Summer is here, and it’s time to relax and have fun in the sun, so stir it into lemonade to easily get pomegranate lemonade for a little variety. Of course there’s also lots of alcholic drinks you can make (tequila sunrise, anyone?) if that’s more your style. Or you can relive your younger years by treating yourself to a shirley temple every once in a while.
I recently purchased a food processor, and I’ve been itching to use it. True, it takes some serious time to clean, but there’s a magical joy in watching the blades go around and realizing “hey, I’m not working one bit to do all this chopping.” If you don’t have a food processor, you can do the chopping for this recipe by hand, and honestly, it’s not that much more work.
According to the font of all knowledge, the name chimichurri is a bastardization of the name of either Jimmy McCurry the Irishman, Jimmy Curry the Englishman, or James C. Hurray the Scot. Either way, it’s an especially fun-sounding name that perfectly describes this vibrant, zesty sauce composed primarily of parsley, garlic, and olive oil.
Look at this beautiful green bowl of deliciousness. It’s so green! So fresh! You’re probably wondering what you can do with it. I’m glad you asked. It can be a sauce for chicken, meat, or fish. You can use it as a marinade for meat. You can use it instead of the usual toppings on a baked potato. Wherever you add it, you’ll get a bright, satisfying zip that will have you thanking Argentina for their culinary contributions.
This was the first recipe I ever made, and it has all of the elements that conspire to get a little kid excited about cooking and baking. First, it’s sweet but lemony, so you know it’s going to be tasty. Second, it involves getting your hands dirty (which may not be fun for the adult who has to clean up after a messy child has left greasy fingerprints all over the kitchen, but is certainly fun for the kid). Third, it’s easy. Lastly, it’s a crowd pleaser, so you get that kind of “ooh, ahh, yum” feedback that makes you want to go back into the kitchen to make it again.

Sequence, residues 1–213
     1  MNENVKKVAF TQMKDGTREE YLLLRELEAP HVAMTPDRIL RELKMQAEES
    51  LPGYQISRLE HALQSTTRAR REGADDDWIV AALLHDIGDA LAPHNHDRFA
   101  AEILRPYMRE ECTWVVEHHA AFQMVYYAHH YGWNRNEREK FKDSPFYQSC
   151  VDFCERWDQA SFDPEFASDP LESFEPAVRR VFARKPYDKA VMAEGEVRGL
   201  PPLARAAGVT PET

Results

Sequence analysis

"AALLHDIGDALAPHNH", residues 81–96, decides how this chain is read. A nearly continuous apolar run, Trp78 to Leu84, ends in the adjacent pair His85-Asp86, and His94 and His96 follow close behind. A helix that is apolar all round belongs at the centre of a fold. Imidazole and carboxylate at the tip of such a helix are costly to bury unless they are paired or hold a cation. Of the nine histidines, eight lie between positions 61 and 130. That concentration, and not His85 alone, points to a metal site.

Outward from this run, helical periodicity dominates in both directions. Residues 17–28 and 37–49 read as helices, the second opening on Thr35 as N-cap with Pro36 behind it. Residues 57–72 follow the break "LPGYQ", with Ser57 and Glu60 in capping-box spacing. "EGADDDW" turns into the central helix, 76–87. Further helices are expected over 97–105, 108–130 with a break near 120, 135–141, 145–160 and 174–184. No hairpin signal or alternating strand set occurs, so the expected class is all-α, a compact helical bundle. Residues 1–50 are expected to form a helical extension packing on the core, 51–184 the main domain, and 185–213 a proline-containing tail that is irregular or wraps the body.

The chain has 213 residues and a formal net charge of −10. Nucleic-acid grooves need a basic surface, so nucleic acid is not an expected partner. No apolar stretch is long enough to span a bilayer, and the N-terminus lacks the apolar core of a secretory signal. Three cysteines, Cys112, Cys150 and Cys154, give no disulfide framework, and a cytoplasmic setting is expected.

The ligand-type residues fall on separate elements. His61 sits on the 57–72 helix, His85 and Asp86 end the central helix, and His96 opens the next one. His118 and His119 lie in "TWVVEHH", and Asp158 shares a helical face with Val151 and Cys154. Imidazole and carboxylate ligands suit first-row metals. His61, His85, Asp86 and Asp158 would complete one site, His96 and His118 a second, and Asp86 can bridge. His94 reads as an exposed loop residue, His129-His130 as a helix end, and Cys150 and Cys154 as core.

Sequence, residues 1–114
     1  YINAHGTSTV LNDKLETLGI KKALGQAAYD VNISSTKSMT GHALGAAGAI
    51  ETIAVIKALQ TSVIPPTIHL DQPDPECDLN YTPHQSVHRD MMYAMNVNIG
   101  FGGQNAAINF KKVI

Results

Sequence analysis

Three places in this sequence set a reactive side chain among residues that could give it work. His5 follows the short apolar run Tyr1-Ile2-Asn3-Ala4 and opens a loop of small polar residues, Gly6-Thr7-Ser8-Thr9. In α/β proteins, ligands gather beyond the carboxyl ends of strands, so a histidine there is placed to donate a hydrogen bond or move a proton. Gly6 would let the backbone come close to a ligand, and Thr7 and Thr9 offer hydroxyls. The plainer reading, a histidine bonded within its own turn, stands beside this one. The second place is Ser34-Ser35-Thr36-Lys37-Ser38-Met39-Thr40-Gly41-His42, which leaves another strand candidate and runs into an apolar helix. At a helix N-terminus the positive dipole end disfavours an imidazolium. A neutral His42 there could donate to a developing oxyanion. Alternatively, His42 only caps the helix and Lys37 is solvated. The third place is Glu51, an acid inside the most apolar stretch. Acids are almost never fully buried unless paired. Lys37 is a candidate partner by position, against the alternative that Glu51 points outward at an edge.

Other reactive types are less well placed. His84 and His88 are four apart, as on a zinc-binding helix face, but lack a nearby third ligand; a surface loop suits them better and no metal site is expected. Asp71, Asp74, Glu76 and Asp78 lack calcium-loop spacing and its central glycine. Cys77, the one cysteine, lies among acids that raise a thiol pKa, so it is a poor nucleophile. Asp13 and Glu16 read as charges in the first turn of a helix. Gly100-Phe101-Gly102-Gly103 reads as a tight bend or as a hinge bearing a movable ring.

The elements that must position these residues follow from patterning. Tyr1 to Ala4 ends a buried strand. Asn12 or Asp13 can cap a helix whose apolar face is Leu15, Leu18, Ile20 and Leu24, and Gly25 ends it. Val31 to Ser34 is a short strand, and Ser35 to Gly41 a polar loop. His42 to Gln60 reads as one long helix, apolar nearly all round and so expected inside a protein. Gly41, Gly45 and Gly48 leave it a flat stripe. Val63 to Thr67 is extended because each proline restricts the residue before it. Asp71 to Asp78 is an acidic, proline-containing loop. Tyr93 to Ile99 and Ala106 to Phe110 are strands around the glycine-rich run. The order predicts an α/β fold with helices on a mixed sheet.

Oh, and they freeze beautifully, and are best eaten straight out of the freezer, so they’re a great thing to make on a rainy day and keep on hand in case of company (or, more likely, in case of sudden lemon square cravings).
I’ve always loved feta cheese. It’s creamy, but not overly rich. Salty, but with a background tanginess that balances things out a bit. It seems that feta is primarily known for its presence in greek salads, but it’s just begging to be used in different ways.
When feta is cooked, it doesn’t become ooey-gooey like mozzarella or fontina. Instead, it retains its shape, becoming soft and spreadable but with a hint of its signature crumbliness. Honey brings out the creaminess in feta, downplaying the saltiness just a bit.
This is one of those dishes that keeps you in limbo for a little while before you finally give in to liking it. No doubt it’s a weird combination of flavors, and at first it’s confusing. But then you’re intrigued enough to take another bite, and you realize it’s interesting. Another, and you just might like it. Another, and you’re on your way down that dangerous path towards eating the whole thing. Fortunately, with only 3 ingredients, it’s really easy to make in small batches (actually, it’s really easy to make, period).